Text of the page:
In the long struggle to gain full practice authority (FPA), nurse practitioners (NPs) can point to notable advances in the last few years. Now, patients in more than half of the states, the District of Columbia, and two U.S. territories have full, direct healthcare access from NPs.
In April 2022, New York and Kansas granted FPA to NPs. That brings to 26 the number of states where NPs can practice to the top of their license without restriction. In this article, we’ll look at how that progress was made, the impact of COVID, and how newly proposed federal legislation would strengthen NP practice. But first, let’s have a look at what FPA means.
“Full practice authority is essentially that the nurse practitioner can practice to the full extent of their education and training,” says April N. Kapu, DNP, APRN, ACNP-BC, FAANP, FCCM, FAAN, president of the American Association of Nurse Practitioners (AANP). “Nurse practitioners are trained to evaluate patients, make diagnoses, order and interpret tests, prescribe medications, coordinate care, and educate. We are educated and trained to do these things,” says Kapu.
In the past few years, the pace has “really picked up as we have seen more and more states move to full practice authority,” according to Kapu. She notes that four states moved to full practice authority through the pandemic: Delaware and Massachusetts in 2021 and New York and Kansas in 2022. “It’s because we demonstrate our commitment to quality and equitable care and ensuring care is provided in all communities.”
In states that have moved to full practice authority, “we’ve seen improved patient care outcomes. We’ve seen an increase in the workforce. We’ve seen an increase in nurse practitioners working in historically underserved urban and rural areas,” Kapu says.
FPA, COVID and Care
While devastating, COVID helped bring to light the high-quality care that NPs provide and boosted efforts to gain FPA. In some states where NPs worked under less than full practice authority, the governors signed executive orders waiving various restrictions, notes Kapu.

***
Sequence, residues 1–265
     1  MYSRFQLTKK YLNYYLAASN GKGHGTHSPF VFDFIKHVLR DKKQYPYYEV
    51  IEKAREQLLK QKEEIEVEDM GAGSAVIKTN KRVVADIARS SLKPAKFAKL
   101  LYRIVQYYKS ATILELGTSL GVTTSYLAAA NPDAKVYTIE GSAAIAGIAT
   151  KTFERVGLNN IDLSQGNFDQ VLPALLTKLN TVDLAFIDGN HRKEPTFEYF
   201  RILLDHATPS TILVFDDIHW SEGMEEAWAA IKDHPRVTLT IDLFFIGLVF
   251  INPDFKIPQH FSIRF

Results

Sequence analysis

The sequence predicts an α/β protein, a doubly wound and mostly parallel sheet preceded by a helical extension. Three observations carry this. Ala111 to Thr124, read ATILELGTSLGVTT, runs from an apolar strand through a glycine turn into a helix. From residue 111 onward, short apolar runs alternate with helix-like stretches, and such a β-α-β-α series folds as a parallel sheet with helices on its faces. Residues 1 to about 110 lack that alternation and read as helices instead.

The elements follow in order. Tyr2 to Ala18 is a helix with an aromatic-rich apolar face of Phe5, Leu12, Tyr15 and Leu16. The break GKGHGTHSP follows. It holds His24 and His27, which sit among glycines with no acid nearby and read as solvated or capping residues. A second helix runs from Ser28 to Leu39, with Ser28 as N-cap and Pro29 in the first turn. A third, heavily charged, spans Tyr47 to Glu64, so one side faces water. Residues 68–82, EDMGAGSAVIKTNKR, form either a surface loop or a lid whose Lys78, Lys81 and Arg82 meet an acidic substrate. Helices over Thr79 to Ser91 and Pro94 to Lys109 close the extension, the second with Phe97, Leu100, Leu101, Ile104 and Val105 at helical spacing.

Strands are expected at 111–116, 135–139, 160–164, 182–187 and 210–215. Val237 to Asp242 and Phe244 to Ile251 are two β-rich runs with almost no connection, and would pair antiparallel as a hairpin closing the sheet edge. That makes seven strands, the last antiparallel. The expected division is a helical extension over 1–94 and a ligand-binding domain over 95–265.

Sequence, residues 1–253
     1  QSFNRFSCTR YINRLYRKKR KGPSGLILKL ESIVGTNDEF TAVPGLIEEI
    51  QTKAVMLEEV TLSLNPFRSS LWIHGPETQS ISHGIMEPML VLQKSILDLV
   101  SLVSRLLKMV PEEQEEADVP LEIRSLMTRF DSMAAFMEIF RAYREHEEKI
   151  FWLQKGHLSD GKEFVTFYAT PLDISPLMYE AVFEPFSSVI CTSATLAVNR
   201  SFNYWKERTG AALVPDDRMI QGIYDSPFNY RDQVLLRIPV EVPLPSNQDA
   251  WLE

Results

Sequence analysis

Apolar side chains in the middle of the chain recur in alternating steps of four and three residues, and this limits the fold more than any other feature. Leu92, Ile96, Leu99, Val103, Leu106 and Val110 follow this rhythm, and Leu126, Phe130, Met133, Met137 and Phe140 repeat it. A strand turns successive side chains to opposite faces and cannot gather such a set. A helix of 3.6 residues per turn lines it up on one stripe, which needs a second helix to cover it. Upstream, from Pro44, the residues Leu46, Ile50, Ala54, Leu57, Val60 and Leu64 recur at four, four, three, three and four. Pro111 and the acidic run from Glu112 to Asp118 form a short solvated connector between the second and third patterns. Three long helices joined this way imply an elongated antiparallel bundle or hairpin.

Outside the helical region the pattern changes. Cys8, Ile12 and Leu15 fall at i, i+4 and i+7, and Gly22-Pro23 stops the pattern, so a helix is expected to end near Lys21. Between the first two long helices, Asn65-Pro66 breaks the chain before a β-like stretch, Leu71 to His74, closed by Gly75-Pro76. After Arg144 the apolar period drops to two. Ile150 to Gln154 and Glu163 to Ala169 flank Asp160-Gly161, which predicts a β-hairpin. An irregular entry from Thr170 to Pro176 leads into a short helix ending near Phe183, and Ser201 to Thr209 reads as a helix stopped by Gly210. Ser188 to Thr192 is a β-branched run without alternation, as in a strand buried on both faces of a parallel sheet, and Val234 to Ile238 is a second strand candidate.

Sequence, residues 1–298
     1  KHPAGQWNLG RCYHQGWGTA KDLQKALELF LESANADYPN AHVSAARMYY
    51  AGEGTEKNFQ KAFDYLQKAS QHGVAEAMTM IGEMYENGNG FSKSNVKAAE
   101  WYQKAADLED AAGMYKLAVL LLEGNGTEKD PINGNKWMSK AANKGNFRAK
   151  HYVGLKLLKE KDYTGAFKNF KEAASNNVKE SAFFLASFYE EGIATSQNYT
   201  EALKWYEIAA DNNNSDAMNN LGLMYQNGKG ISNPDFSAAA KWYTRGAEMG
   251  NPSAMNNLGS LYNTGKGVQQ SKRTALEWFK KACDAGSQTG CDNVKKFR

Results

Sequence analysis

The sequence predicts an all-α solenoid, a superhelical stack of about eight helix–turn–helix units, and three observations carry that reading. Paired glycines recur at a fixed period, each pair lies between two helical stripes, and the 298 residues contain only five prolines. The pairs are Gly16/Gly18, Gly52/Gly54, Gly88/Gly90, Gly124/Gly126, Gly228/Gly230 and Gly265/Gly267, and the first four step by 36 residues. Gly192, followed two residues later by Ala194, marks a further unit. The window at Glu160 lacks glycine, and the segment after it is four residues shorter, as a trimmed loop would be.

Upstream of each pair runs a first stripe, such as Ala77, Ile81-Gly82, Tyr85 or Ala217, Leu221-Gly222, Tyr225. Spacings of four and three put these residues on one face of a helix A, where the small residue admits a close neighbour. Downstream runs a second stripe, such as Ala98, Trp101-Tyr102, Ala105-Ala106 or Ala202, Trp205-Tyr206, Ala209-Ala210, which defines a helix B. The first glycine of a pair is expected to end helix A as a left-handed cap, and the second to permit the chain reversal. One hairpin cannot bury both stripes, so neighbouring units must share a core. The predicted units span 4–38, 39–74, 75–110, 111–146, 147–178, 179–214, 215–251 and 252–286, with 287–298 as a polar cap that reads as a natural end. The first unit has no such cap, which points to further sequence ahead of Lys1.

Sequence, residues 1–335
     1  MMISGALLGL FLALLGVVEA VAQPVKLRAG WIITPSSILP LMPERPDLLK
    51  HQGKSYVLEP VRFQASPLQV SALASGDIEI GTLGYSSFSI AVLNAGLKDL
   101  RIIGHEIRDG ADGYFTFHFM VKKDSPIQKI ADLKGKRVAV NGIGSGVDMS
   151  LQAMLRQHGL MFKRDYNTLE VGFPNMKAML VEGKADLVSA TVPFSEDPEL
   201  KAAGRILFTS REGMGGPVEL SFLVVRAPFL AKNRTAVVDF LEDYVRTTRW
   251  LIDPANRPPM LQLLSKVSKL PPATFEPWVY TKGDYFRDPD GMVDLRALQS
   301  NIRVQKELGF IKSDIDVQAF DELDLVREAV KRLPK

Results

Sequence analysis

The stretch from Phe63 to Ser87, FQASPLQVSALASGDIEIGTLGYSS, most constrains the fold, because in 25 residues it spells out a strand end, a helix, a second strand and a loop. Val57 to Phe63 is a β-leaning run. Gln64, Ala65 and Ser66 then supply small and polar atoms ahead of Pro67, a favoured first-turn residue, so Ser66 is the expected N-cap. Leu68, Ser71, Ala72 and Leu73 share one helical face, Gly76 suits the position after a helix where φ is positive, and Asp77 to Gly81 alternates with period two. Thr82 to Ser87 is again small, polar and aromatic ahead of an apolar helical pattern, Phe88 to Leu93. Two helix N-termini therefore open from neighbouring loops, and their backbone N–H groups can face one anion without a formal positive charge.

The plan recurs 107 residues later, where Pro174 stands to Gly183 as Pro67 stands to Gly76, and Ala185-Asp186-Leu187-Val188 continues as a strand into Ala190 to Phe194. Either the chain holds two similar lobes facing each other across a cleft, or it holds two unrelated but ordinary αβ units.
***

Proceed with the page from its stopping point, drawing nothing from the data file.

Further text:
“That’s where we saw the opportunity for nurse practitioners to continue providing care. They provided very high-quality care. They were able to provide more accessible care. As you saw throughout the pandemic, they were in communities and churches, going door to door, seeing patients in their homes, and doing everything they did in the hospital and the ICUs. So we demonstrated that continued quality of care. And that is what quickened the momentum during the pandemic; the executive orders provided that opportunity,” Kapu says.
In Ohio, a reduced practice state, an emergency authorization during COVID allowed NPs to deliver care via telehealth, notes Evelyn Duffy, DNP, AGPCNP-BC, APRN-NP. However, she notes that NPs can still practice via telehealth, and that ability is no longer contingent on the emergency authorization. Based in Cleveland, Duffy is an NP in the University Hospitals Geriatric Medical Group and a professor at the Frances Payne Bolton School of Nursing.
An NP since 1981, Duffy notes that “we’ve come a long way in Ohio. We got full prescriptive authority at the end of the 1990s.”
However, like all Ohio NPs, Duffy needs a collaborative agreement with a doctor. “Ohio is in the reduced practice category,” she notes. “Not a lot obstructs me from doing what I want. The only thing that gets in the way is having to make that collaborative arrangement.”
Kapu stresses the need to get out the message that laws limiting NP practice need to be revised. Laws need to be updated to “allow NPs to practice to the extent of their education and training, not beyond that, but to the extent of their education and training, as they are very capable of doing and have decades and decades of evidence demonstrating their quality-of-care outcomes. So it’s getting that message out that all we have to do is update those laws. It’s no cost or delay and can be put into place, and you would see much-increased access.”
Kapu points to Arizona as an example of what may happen for states that grant FPA. Arizona, she notes, moved to FPA in 2001. Five years later, the NP workforce doubled, and rural areas saw a 70% increase in NPs.
FPA Federal Legislation
On the federal level, new legislation, the Improving Care and Access to Nurses (ICAN) Act, was introduced in September in the House of Representatives. Supported by the AANP and other major nursing organizations, the act would update Medicare and Medicaid to enable advanced practice nurses to practice to the top of their education and clinical training, according to a press release from the American Nurses Association.
Although getting FPA in all states has taken a little longer than wanted, “we have momentum,” says Kapu. “I believe we’ll get there, especially with the increasing access to care needs that we’re seeing in the United States today.”